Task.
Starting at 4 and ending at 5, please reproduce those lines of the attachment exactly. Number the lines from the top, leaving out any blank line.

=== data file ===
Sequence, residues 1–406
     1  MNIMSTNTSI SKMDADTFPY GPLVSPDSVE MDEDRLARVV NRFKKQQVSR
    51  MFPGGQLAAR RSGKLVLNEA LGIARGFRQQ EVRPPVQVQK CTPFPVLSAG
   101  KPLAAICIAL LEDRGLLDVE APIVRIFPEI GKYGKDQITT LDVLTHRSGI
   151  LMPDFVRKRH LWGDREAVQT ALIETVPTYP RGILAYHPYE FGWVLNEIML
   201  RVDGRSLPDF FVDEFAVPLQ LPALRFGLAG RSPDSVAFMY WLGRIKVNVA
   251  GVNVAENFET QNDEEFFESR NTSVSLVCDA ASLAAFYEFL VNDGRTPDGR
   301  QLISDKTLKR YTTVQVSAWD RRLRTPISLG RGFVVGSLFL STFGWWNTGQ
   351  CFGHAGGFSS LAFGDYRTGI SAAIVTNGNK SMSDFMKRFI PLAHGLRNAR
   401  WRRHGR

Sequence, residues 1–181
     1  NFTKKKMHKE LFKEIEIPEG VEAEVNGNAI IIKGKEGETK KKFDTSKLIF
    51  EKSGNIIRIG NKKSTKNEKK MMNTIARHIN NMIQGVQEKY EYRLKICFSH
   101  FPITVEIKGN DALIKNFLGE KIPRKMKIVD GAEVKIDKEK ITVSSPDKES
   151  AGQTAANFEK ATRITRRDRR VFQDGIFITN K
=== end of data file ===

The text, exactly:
   101  KPLAAICIAL LEDRGLLDVE APIVRIFPEI GKYGKDQITT LDVLTHRSGI
   151  LMPDFVRKRH LWGDREAVQT ALIETVPTYP RGILAYHPYE FGWVLNEIML